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seen Aug 2 at 13:14

May
19
comment Is there a general formula for $\sin{(\frac{n \pi}{2})}$?
Certainly there is, other than that formula. What other functions would you use? When I was a kid I programmed in BASIC where the built-in functions did include sin but also such things as int and abs... oeis.org is also interesting.
Apr
20
comment Is the size of the Online Encyclopedia of Integer Sequences bounded by aleph-null?
So, the sequences that exist have the cardinality of the continuum, the sequences that we can ever describe have the cardinality of the integers, and the sequences that we ever have described have finite cardinality? Aleph-two and beth-two for example are entirely out of the question, I think? I'm not 100% clear on uncountables.
Nov
9
comment Why is ${x^{\frac{1}{2}}}$ the same as $\sqrt x $?
We might think it's equally sensible to define the special case $0^0$ as $0$, but the mathematical convention for that is indeed $0^0 = 1$ in accord with the explanation above.
Nov
9
comment What are the most overpowered theorems in mathematics?
"The Axiom of Choice is obviously true; the Well Ordering Principle is obviously false; and who can tell about Zorn's lemma?" — Jerry Bona. I like how that joke sums up intuitions (rather than logic) regarding the Axiom of Choice and Zorn's Lemma.
Nov
9
comment We know the dimension of the Koch snowflake's perimeter, but does it have a measure?
It has a positive and finite Hausdorff measure, am I right? I haven't carefully read and thought through what Hausdorff measure is all about.
Nov
9
comment How to put 9 pigs into 4 pens so that there are an odd number of pigs in each pen?
Horrible, yes. But logically, what's wrong with questioning the mathematical model that pairs integers with pigs? They can indeed literally disintegrate.
Oct
28
comment We know the dimension of the Koch snowflake's perimeter, but does it have a measure?
Relevant I think? So, it is quite difficult indeed? dx.doi.org/10.1016/j.amc.2007.01.046
Aug
5
comment Find the smallest $n$ such that the digits in $2^n$ have every digit from $1$ to $9$
Is there a standard definition of "brute force"? Maybe we can claim that there's something clever about doubling decimal digits rather than multiplying them by any other constant. Doubling 1024 obviously produces another number with four distinct digits because 0,1,2,and 4 are all in the lower half of the decimal digits.
Aug
1
comment Is it fair to say that Kepler's equation involves squaring the circle?
There is much pleasure to be had with such things. If your interest takes you in this direction and you haven't yet looked at these particular points, you may also wish to study 1. the conditions under which it is impossible to square the circle and 2. the interesting proof that it is impossible. Beyond that, from the book Mathematical Cranks I learned that there are some who venture into solving the classic impossibilities and later display serious mental illness. That's not a diagnosis and I'm not a doctor. But if I spent tons of time on this hobby, I hope I'd discuss it with a therapist.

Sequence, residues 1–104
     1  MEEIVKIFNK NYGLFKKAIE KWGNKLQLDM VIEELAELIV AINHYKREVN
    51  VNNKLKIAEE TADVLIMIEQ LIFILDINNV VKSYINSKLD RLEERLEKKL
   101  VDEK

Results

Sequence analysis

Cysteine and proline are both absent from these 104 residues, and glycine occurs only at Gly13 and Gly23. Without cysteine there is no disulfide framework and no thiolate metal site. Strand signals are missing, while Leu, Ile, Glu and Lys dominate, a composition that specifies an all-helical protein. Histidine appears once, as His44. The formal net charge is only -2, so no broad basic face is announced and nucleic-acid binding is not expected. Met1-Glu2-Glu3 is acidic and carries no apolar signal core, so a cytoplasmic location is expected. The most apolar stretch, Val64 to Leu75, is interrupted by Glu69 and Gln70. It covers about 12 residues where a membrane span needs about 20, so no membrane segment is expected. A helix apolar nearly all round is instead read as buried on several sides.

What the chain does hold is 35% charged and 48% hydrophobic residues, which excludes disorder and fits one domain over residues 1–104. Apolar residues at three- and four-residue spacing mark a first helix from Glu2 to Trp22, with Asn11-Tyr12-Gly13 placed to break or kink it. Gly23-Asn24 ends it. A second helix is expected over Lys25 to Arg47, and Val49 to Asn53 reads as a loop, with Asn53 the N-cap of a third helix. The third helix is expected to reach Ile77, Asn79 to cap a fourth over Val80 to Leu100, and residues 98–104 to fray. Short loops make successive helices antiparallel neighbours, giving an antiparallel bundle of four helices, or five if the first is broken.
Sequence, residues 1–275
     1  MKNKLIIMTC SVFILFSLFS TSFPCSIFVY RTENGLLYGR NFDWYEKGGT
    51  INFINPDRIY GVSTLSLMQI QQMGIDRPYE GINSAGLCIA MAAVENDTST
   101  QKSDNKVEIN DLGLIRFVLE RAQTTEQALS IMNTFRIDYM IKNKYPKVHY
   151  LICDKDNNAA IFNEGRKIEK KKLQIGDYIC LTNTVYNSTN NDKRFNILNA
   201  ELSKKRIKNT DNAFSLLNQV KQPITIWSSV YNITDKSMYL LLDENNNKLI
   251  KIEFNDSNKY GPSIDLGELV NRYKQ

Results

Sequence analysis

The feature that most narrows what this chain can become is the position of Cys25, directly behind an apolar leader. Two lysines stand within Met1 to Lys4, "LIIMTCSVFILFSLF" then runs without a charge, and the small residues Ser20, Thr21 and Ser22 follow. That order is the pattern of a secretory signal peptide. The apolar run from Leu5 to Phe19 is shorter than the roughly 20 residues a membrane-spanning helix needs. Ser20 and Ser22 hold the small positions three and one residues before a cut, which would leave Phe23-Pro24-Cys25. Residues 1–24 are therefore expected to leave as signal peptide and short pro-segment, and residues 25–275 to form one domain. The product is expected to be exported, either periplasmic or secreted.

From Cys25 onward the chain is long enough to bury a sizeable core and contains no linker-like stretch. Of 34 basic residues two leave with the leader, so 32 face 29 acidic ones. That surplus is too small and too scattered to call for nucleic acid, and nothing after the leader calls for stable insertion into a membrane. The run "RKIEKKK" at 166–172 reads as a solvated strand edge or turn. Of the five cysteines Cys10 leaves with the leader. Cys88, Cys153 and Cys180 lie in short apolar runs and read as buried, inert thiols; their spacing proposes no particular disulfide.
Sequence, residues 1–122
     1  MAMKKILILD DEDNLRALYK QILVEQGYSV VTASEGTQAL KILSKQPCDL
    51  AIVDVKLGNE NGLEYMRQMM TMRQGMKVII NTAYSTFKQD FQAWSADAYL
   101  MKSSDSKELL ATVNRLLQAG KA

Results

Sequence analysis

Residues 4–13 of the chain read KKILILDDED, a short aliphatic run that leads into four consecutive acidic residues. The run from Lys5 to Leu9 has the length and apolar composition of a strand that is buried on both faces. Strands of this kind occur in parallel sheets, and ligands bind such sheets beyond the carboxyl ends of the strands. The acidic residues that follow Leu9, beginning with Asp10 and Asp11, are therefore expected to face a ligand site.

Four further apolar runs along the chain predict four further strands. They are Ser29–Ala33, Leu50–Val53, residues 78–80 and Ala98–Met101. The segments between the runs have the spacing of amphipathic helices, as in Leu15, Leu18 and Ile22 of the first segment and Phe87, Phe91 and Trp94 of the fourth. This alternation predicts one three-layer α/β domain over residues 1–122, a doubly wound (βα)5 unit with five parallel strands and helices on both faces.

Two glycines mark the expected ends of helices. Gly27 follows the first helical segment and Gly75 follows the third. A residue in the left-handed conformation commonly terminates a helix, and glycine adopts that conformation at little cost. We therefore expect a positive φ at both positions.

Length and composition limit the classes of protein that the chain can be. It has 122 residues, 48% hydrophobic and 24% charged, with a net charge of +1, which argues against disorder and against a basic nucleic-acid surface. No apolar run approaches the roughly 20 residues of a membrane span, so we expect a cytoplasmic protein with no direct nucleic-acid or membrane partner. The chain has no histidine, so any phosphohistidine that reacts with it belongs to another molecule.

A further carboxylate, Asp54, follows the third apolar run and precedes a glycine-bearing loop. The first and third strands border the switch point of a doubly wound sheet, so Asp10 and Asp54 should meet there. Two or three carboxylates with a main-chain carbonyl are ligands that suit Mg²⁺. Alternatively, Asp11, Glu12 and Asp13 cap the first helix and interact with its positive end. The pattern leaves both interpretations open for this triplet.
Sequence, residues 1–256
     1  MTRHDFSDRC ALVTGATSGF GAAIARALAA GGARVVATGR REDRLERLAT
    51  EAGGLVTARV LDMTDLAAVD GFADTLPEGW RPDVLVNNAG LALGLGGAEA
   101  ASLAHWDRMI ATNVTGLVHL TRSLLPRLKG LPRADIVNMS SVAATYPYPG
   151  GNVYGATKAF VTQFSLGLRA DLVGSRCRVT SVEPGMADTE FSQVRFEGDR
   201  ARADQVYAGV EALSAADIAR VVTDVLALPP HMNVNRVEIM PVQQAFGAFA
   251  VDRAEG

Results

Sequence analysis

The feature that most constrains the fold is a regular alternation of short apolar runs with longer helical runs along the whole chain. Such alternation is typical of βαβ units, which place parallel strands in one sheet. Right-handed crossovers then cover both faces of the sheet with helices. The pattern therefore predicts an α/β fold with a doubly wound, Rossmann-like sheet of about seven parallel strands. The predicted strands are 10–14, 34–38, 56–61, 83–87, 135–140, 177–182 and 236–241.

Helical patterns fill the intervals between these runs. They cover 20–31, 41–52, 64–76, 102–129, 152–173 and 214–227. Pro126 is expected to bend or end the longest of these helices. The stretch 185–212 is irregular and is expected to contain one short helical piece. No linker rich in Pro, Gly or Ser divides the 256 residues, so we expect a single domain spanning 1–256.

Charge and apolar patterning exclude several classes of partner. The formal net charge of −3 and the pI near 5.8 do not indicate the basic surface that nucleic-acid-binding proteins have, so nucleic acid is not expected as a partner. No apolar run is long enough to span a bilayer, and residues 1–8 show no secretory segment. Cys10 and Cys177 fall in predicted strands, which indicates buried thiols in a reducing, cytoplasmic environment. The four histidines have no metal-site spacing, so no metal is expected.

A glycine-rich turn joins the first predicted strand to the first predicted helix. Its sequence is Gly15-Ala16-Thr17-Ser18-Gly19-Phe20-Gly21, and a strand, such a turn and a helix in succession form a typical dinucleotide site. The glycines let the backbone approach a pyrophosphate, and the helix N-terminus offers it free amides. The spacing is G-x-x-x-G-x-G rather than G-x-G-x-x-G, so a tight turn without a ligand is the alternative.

Apr
25
comment Could G. H. Hardy make a product of two primes so big he couldn't find out which?
Not G.H. Hardy, but "Gauss can factor a two million digit semiprime in his head!" gaussfacts.com/view/Mathematics/825
Mar
18
comment How do I approach the following integral?
The antiderivative in software such as Mathematica (thus Alpha) is known as the Risch algorithm. Vaguely I recall that it isn't, or at least didn't used to be, practical to implement the Risch algorithm in full generality, and in the gaps Mathematica tells lies. The Wikipedia article for the algorithm says (citing nothing) that is unknown whether the Risch algorithm has all expressions in the "usual" (meaning?) elementary functions in its domain; and that by Richardson's theorem the expressions in those functions with the addition of the absolute value function are not all in its domain.
Feb
28
comment Parametric curve for a tennis ball seam
@bubba Thanks, I went on to explain some of the symmetries. So, yes, yes it does.
Feb
26
comment Sequence Question from past post
Yes, I realize that this question is a follow-up and I don't think it's a duplicate.
Feb
22
comment Sequence Question from past post
OEIS has the third one. I'll see whether I can do anything with the others. Aha, yes, I can find the previous post that was mentioned.
Feb
22
comment Sequence Question from past post
These sequence problems are among the many that are collected here: m4maths.com/placement-puzzles.php?SOURCE=IBM
Feb
22
comment Sequence Question from past post
Related to: math.stackexchange.com/questions/291443/…
Dec
21
comment Probability a point will be in a subset of a square
The probability is equal to the area, as it says. If the area seems difficult to determine, it may help to draw the picture.
Aug
21
comment Ellipse 3-partition: same area and perimeter
Hmm, why can't we just 3-partition a circle and project that figure onto a non-orthogonal plane... oh. Because by age 20 we had learned to compute arc length and it doesn't work that way.
Apr
4
comment Could G. H. Hardy make a product of two primes so big he couldn't find out which?
It's claimed you needn't have the factorization (although Broadhurst does) but as I admitted, I wouldn't actually know. I'm certainly willing to remove the "accepted" status from my answer if we become aware of a flaw, or simply better information.
Apr
1
comment Could G. H. Hardy make a product of two primes so big he couldn't find out which?
Right, I was looking for a product of exactly two primes for which we may presume that no one knows the factors. This answer addresses an interesting but separate question. Considering the number of votes this answer has received, this other question would be a valuable addition to math.stackexchange.com.